matt grant

you are here

As a system’s usage expands, the level of complexity tends to increase.

This is particularly true of indexing systems.

Take addresses.

If you’re a small village with relatively few houses and very little else around you, you need to specify far less detail than if you’re one of a hundred apartments on a crowded street in the middle of city. Otherwise it becomes impossible to accurate differentiate between locations.

There are a number of ways of doing this. Cartesian grid references. Great for wild areas with few distinguishing landmarks. Not so good at determining which floor your flat is on. Postal addresses. Excellent when it comes to finding a house. Terrible for finding treasure.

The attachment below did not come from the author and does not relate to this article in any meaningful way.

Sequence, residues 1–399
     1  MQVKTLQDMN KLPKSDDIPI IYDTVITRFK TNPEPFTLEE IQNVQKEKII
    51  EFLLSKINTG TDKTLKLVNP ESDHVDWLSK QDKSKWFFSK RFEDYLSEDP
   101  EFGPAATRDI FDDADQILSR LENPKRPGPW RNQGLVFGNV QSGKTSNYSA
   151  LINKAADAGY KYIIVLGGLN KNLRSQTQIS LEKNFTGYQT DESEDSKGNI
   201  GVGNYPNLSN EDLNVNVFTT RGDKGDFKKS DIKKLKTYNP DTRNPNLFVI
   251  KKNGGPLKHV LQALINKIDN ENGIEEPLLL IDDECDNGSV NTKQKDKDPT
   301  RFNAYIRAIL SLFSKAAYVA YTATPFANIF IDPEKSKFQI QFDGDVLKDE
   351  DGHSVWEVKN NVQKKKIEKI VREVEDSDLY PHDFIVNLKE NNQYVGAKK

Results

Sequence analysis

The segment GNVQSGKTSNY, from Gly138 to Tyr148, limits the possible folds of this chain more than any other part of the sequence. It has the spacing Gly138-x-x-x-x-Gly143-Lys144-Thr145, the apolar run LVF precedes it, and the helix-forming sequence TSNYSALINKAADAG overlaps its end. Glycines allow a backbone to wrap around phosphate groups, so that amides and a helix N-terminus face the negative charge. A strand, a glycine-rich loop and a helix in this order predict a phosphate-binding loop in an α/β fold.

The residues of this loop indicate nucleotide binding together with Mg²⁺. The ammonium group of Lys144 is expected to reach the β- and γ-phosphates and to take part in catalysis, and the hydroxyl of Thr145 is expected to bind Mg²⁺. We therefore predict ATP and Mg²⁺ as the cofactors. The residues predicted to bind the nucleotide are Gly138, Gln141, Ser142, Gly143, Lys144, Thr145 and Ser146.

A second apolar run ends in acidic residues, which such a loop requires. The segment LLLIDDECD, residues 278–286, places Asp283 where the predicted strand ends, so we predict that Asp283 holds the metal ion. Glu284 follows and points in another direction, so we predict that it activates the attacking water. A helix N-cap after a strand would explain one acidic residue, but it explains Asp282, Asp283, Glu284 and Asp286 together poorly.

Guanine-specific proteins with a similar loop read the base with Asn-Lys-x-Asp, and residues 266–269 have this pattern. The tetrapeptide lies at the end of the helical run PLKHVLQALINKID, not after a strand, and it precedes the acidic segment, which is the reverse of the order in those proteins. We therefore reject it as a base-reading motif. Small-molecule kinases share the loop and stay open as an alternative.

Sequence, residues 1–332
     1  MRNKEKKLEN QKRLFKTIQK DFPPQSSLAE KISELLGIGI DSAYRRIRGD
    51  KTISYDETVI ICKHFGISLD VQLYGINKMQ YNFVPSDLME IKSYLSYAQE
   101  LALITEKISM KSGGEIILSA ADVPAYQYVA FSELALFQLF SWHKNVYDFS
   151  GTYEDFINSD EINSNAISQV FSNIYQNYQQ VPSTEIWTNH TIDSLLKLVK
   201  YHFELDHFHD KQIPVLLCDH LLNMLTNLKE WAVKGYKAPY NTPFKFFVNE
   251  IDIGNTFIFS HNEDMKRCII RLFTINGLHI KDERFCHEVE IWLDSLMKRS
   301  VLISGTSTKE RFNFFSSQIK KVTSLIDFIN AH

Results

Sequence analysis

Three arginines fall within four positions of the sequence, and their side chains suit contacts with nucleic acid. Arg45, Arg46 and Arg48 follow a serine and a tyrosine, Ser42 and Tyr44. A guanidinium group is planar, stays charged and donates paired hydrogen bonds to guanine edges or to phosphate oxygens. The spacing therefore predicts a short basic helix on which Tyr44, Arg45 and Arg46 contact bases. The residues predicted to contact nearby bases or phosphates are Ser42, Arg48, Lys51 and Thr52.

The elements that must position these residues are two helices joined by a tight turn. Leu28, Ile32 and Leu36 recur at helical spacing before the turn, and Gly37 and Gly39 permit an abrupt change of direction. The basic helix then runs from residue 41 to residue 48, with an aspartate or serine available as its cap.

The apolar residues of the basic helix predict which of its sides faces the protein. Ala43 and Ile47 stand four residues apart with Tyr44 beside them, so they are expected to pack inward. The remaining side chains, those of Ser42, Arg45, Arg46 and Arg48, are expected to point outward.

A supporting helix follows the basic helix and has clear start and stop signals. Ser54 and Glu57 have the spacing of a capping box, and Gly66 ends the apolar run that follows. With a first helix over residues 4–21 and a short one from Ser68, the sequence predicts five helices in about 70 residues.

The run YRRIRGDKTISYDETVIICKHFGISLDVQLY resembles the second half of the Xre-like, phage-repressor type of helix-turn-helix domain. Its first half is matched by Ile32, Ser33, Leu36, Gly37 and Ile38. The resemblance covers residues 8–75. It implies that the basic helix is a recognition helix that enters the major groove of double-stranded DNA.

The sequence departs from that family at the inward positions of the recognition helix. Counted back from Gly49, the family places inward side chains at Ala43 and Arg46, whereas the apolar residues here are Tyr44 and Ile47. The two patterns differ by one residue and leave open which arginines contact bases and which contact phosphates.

What about plus codes? A plus code is a 10 (or 11, depending on how precise you want your location to be) digit alphanumerical string that uniquely identifies down to a 3x3m square. Every 3x3 square has one. Even if it’s empty.

So when you’re looking for a place with no name, now you have somewhere to aim for.